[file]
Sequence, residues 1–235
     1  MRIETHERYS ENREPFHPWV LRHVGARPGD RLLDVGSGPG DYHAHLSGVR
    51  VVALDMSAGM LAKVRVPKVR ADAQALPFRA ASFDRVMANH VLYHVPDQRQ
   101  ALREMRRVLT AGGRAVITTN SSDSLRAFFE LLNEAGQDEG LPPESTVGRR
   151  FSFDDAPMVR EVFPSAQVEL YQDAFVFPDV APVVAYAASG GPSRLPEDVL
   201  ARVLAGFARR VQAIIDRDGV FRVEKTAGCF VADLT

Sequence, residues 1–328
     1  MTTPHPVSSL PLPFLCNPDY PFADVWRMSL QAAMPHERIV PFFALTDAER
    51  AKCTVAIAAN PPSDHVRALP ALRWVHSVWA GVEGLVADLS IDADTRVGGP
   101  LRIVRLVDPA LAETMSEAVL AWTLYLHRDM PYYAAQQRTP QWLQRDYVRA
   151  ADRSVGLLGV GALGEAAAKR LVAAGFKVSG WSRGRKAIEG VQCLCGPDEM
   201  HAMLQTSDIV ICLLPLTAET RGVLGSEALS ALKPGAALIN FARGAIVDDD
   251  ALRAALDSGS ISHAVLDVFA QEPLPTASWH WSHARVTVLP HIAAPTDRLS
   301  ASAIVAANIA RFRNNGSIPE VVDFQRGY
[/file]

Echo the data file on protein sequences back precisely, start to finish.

Sequence, residues 1–235
     1  MRIETHERYS ENREPFHPWV LRHVGARPGD RLLDVGSGPG DYHAHLSGVR
    51  VVALDMSAGM LAKVRVPKVR ADAQALPFRA ASFDRVMANH VLYHVPDQRQ
   101  ALREMRRVLT AGGRAVITTN SSDSLRAFFE LLNEAGQDEG LPPESTVGRR
   151  FSFDDAPMVR EVFPSAQVEL YQDAFVFPDV APVVAYAASG GPSRLPEDVL
   201  ARVLAGFARR VQAIIDRDGV FRVEKTAGCF VADLT

Sequence, residues 1–328
     1  MTTPHPVSSL PLPFLCNPDY PFADVWRMSL QAAMPHERIV PFFALTDAER
    51  AKCTVAIAAN PPSDHVRALP ALRWVHSVWA GVEGLVADLS IDADTRVGGP
   101  LRIVRLVDPA LAETMSEAVL AWTLYLHRDM PYYAAQQRTP QWLQRDYVRA
   151  ADRSVGLLGV GALGEAAAKR LVAAGFKVSG WSRGRKAIEG VQCLCGPDEM
   201  HAMLQTSDIV ICLLPLTAET RGVLGSEALS ALKPGAALIN FARGAIVDDD
   251  ALRAALDSGS ISHAVLDVFA QEPLPTASWH WSHARVTVLP HIAAPTDRLS
   301  ASAIVAANIA RFRNNGSIPE VVDFQRGY